In the first three parts of this series, you’ve learned the basics of cannabis concentrates, how they’re made, and the various types of extracts available. Now, we’re diving deep into the finer details that’ll help you grow into an expert of extracts.
Read on to learn more about achieving high-quality extracts with nuances that only a concentrate connoisseur can truly appreciate.
Jump to section:
- How starting material affects concentrates
- Full spectrum vs. isolates
How starting material affects concentrates
The overall quality of a concentrate ultimately depends on the cannabis from which it is derived. In other words, the source material being extracted defines the ceiling of quality and complexity. For this reason, many concentrate products will indicate the quality of the starting material, which we’ll explore below.
Trim run refers to concentrates that began as trim from a cannabis harvest—specifically, the loose leaves that are still covered with cannabinoid-rich resin. What would otherwise become waste is turned into great—and often affordable—concentrated products.
Trim is a popular starting material for hydrocarbon and distillate products because extractors can efficiently strip away the less desirable traits that trim might possess.
Nug run concentrates are extracted from cannabis flowers (“nugs”) that are grown specifically for extraction. Sometimes these are the smaller buds from a harvest (“mids”) , and other times extractors will use whole plants and large colas.
Products labeled as “nug run” are generally the result of hydrocarbon extraction and are considered higher quality. The resulting products are most often geared toward capturing strain-specific chemical profiles.
Live resin and other products labeled “live” (like live rosin) are concentrates that have been extracted before the cannabis plant has been dried or cured. Terpenes—the aromatic compounds that give cannabis its flavor—are so volatile, they’re known to dissipate even at room temperature. Working with a freshly harvested plant gives extractors the best chance of capturing robust terpenes and flavors.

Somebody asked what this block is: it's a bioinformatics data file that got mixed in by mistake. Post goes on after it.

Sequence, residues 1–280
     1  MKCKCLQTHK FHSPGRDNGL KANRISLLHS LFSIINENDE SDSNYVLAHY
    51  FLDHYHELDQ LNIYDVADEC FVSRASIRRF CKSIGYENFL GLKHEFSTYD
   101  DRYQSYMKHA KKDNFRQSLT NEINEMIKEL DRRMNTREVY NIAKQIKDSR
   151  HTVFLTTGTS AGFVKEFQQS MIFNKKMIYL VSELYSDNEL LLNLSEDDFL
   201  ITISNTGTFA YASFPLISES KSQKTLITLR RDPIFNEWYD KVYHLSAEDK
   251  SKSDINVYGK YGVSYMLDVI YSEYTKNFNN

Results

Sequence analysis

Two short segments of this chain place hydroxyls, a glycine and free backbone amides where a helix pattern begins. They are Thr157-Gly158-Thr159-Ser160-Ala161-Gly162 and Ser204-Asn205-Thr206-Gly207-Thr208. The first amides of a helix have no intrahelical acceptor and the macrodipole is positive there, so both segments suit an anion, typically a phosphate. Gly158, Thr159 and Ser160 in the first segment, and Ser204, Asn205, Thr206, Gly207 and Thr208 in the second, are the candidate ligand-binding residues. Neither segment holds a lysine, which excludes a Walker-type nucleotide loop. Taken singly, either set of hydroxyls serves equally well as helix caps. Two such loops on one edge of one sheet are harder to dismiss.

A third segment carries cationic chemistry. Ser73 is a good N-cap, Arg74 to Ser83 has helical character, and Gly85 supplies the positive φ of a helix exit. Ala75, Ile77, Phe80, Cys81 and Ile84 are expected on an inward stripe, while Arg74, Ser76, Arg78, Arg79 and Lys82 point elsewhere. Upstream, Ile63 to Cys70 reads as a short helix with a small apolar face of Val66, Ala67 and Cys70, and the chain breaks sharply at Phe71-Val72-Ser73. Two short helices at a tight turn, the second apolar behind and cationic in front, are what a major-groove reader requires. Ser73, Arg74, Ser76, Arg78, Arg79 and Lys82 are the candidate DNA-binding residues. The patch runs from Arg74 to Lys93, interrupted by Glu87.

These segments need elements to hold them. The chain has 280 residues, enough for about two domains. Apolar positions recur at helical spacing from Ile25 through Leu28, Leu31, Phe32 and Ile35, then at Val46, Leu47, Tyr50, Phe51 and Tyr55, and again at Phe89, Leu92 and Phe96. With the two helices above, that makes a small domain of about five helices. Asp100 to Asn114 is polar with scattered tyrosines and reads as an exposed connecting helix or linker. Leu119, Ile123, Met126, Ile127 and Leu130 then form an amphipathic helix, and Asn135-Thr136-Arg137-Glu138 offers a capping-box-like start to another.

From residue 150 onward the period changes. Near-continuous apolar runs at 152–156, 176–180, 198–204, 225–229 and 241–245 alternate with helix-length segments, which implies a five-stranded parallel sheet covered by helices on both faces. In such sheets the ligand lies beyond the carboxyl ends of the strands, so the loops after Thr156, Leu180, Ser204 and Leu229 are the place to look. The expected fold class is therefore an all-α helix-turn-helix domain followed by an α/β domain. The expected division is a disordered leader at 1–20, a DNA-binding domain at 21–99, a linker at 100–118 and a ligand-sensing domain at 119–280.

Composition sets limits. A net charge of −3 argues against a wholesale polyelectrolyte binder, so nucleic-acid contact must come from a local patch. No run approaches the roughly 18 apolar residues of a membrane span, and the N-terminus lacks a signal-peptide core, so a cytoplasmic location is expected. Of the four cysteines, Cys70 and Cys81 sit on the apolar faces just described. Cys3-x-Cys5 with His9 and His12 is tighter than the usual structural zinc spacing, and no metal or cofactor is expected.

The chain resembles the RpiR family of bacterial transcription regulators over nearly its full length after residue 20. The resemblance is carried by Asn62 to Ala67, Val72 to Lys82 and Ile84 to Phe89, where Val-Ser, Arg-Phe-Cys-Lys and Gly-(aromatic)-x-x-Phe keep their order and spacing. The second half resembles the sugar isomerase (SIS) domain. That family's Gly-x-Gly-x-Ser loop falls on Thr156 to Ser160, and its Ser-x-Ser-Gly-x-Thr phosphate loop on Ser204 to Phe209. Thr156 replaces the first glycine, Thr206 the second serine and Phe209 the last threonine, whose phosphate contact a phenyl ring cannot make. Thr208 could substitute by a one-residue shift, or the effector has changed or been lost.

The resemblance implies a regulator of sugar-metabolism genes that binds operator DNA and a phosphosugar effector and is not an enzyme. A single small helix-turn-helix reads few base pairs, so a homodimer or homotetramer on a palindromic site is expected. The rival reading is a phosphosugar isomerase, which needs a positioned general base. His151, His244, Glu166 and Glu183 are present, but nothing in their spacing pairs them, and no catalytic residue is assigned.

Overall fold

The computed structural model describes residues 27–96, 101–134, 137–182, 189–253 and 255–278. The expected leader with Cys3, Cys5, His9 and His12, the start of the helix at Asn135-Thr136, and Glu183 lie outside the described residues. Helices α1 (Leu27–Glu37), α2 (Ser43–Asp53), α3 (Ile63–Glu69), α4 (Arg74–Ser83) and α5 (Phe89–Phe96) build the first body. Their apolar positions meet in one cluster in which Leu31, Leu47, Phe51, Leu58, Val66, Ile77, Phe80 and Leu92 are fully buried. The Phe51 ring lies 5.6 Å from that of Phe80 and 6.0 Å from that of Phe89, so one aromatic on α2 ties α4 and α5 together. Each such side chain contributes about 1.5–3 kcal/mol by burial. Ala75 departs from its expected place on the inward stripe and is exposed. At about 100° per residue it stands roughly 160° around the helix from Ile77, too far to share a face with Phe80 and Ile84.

To preserve these fragile terpene profiles, extractors will freeze and store freshly cut cannabis until it’s ready to be extracted.
Full-spectrum extracts vs. isolates
A cannabis concentrate can either be full spectrum, containing a vast array of different compounds, or an isolate, which is a precise formulation of a single ingredient.
Both have unique merits, but they provide wildly different experiences.
Extracts labeled as “full spectrum” provide a mix of cannabis’ natural chemical compounds. These extracts often provide complex combinations of cannabinoids and terpenes in the natural ratio that the plant produces them. This results in robust flavors and nuanced effects.
Isolates are pure cannabinoids like THCA and CBD in crystalline or powdered form. These solid, stable cannabinoids are isolated, with all other chemical compounds removed.
Instead of providing the full chemical profile that full-spectrum concentrates express, isolates consolidate specific compounds and offer consumers the highest potency and purity of an individual cannabinoid.
Isolate products make dosing more precise, offer a pure base ingredient to use in other cannabis products, and allow consumers to customize which compounds they consume.
Diamonds are faceted, crystalline formations of isolated THCA. When THCA is isolated, the molecules collect and stack together, forming crystals.
Most products labeled as diamonds, rocks, stones, and gems refer to isolated THCA that has been formed within a raw extract, meaning no additional solvents are added to encourage crystallization.
Instead, the terpene fraction, the portion of the extract that is rich with terpene oils, acts as a naturally occurring solvent. Over time, the solid cannabinoid molecules separate from the liquid terpenes and leave behind rigid cannabinoid structures that look similar to quartz.
Occasionally you’ll see diamond-like products labeled with acronyms like HCFSE, short for high-cannabinoid full-spectrum extract. This means the product is nearly an isolated cannabinoid, but still retains a portion of the original terpene profile.
Sauce, sometimes called “terp sauce” or “the terpene fraction,” refers to a runny, terpene-rich concentrate. As cannabinoids and terpenes separate from one another, extractors are left with solid cannabinoid compounds and a watery mixture of the aromatic terpenes.
Sometimes sauce products are labeled with the acronym HTFSE, short for high-terpene full-spectrum extract. That means it’s a terpene-rich concentrate that still maintains a well-rounded cannabinoid profile.